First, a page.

Wednesday, November 28, 2012

IRS Initiating Form 1099-K Compliance Program

A new IRS compliance program aimed at finding underreporting of gross receipts by taxpayers who receive Form 1099-K information returns from credit card companies or third-party transaction networks launches this week, a senior IRS official confirmed November 27.

Ruth Perez, deputy commissioner of the IRS Small Business/Self-Employed Division, told Tax Analysts that the first notices under the program will be sent out later in the week of November 26. "Our initial footprint in this area is going to be small while we learn," she said, adding that the initiative will touch a variety of businesses of different sizes.

Under section 6050W, entities that process credit card, payment card, and third-party network transactions must track the gross amounts of those transactions by merchant and report monthly and annual gross amounts to the IRS, as well as provide statements to payees. In a November 16 post to its website, the IRS announced that it will be sending out new notices related to Form 1099-K, "Merchant Card and Third-Party Network Payments," to taxpayers who may have underreported their gross receipts. A taxpayer may receive a notice if a mismatch occurs between amounts on the taxpayer's tax return and Form 1099-K statements the IRS received, as the discrepancy shows "an unusually high portion of receipts from credit payments and other Form 1099-K reportable transactions," the Service said.

An unresolved point of contention between the IRS and taxpayers has been the required reporting on Form 1099-K of gross payment amounts that don't line up with a taxpayer's net, taxable, or gross income on a tax return. Practitioners believe the IRS went astray in its decision in the final regulations to base reporting on transactions rather than payments. The preamble to the final section 6050W regulations admits its definition of gross amounts "is not intended to be an exact match of the net, taxable, or even the gross income of a payee."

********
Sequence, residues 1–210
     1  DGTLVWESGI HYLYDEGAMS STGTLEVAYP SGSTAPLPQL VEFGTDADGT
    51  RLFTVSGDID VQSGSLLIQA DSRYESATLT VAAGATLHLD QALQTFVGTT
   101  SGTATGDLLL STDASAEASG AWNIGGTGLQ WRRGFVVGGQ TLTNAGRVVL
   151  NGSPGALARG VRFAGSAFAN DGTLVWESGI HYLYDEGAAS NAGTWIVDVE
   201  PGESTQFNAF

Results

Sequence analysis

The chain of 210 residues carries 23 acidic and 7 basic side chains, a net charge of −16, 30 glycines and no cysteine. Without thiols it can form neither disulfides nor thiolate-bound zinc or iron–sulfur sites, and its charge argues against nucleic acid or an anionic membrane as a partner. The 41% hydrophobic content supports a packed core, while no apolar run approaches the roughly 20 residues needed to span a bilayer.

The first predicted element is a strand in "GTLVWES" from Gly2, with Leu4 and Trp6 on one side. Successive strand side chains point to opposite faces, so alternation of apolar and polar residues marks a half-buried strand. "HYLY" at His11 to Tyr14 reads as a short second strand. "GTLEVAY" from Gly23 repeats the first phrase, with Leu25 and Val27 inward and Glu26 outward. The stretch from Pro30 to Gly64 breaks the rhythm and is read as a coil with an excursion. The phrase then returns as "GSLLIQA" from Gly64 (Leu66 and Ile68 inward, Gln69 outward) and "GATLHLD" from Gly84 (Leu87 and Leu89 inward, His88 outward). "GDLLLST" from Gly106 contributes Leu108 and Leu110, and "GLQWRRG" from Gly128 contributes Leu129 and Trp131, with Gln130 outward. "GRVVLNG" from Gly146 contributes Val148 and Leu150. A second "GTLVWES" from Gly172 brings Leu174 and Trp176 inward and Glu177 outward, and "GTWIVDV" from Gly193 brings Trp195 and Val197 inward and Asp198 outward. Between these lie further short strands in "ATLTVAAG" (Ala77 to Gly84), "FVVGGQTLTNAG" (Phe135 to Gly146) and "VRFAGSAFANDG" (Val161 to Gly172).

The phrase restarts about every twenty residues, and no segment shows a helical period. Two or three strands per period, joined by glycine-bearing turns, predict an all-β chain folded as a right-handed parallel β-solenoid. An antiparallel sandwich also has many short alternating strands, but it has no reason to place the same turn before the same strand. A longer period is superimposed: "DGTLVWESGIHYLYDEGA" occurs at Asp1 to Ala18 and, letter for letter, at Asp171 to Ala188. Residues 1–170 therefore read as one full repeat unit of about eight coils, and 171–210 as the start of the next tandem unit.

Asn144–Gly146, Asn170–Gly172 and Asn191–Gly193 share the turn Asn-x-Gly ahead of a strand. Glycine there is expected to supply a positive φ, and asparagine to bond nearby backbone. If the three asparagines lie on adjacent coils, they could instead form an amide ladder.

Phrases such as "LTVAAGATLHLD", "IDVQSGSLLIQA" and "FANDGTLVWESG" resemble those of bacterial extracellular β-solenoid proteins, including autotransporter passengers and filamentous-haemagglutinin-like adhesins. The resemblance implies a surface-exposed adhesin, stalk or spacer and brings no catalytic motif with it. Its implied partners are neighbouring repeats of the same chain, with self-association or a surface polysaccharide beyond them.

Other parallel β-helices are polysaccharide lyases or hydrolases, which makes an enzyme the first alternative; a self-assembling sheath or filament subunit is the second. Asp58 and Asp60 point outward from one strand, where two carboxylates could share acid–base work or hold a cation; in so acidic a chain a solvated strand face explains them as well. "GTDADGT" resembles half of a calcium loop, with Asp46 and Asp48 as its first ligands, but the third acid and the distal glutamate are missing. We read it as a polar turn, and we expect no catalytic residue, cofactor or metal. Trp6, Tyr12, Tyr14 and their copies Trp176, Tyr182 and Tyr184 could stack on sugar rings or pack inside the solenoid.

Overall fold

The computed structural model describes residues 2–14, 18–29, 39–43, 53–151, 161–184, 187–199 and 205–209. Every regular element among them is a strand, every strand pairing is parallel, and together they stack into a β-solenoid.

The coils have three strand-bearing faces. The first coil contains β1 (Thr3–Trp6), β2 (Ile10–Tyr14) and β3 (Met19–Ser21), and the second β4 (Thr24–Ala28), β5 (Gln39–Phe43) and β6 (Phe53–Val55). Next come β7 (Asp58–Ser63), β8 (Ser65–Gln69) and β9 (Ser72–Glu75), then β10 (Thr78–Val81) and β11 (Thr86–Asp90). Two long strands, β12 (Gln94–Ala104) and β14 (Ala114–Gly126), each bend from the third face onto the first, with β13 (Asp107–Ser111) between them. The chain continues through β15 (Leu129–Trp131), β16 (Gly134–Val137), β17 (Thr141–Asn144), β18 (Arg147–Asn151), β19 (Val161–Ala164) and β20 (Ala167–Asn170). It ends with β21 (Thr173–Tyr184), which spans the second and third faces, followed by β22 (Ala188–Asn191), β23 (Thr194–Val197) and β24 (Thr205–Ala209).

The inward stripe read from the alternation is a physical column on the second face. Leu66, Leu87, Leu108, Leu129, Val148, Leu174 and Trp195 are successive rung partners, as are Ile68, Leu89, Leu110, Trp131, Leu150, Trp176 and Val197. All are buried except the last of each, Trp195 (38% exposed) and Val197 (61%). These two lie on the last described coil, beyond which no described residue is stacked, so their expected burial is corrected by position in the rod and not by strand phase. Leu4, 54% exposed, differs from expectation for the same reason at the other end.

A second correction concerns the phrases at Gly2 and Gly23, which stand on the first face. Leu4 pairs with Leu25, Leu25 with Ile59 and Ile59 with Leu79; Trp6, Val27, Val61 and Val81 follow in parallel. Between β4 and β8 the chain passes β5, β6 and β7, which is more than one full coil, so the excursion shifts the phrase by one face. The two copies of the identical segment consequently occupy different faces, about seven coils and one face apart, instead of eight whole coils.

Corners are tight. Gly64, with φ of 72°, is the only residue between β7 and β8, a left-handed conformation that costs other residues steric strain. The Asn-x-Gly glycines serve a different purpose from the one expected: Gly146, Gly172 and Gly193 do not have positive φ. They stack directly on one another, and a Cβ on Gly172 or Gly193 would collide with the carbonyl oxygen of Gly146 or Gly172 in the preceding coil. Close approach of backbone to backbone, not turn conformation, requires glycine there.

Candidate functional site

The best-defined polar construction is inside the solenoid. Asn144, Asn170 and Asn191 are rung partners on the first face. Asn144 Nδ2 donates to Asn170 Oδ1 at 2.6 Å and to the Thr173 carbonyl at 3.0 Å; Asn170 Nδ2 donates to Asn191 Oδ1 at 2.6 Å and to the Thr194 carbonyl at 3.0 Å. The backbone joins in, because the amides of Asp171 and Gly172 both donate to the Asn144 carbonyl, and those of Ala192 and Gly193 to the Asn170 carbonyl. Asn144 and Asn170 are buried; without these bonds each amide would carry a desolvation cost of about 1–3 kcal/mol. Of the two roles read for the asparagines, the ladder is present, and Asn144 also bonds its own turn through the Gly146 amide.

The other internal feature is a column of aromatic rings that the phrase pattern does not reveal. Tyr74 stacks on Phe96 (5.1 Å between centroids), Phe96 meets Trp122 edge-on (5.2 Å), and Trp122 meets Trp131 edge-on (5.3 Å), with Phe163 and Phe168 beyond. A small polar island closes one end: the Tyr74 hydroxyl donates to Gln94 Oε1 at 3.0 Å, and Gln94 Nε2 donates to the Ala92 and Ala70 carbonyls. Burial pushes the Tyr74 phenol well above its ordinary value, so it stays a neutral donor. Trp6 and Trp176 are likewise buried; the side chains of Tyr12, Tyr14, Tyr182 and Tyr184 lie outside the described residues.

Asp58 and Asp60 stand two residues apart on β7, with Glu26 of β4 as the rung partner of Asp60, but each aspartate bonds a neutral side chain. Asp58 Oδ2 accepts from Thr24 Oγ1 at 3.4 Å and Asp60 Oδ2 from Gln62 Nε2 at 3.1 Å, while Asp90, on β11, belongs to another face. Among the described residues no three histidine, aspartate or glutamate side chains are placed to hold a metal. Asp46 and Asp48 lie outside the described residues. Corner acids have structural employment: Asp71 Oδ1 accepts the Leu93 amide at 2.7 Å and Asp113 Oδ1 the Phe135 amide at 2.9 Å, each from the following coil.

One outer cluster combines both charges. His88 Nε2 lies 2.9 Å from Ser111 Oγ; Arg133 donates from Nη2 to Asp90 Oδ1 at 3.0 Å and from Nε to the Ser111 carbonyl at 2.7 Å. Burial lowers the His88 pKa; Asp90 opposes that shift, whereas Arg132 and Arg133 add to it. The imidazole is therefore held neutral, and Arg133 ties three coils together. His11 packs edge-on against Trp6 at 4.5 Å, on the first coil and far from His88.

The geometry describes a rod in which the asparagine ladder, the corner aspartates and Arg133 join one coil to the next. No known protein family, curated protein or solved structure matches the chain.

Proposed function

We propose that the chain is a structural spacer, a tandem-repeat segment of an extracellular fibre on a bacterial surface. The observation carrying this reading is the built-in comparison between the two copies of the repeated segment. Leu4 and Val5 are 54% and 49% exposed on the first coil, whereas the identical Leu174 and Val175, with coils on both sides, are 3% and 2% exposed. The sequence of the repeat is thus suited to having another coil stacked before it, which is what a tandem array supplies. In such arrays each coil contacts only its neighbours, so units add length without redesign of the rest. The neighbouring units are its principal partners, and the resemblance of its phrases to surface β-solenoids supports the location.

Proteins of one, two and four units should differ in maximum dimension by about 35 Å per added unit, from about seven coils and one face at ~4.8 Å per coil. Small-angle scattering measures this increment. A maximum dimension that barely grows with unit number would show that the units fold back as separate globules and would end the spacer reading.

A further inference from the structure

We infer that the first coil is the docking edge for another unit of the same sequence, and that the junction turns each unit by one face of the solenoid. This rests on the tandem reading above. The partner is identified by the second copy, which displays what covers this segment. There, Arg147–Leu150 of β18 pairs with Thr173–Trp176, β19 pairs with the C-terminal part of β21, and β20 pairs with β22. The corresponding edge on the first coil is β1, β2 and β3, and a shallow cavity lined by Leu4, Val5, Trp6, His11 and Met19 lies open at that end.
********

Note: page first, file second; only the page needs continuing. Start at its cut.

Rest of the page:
The IRS made an informal announcement earlier in the year that it would not require reconciliation of gross receipts and merchant card transactions on Form 1120, "U.S. Corporate Income Tax Return," and other business income tax forms. In a February letter to the National Federation of Independent Business, then-IRS Deputy Commissioner for Services and Enforcement Steven Miller wrote that "there will be no reconciliation required on the 2012 form, nor do we intend to require reconciliation in future years." 

The sample notices posted on the IRS website offer a variety of responses required from taxpayers. The least intrusive letter simply asks the taxpayer to review the provided information for accuracy, while another letter requests that the taxpayer send the IRS written notice of any inaccuracies on the Form 1099-K. A third letter requires the taxpayer to fill out a form verifying reported income and explain why its gross receipts from card payments were higher than anticipated, which could lead to the IRS proposing adjustments to the tax return. (For the letters and form, see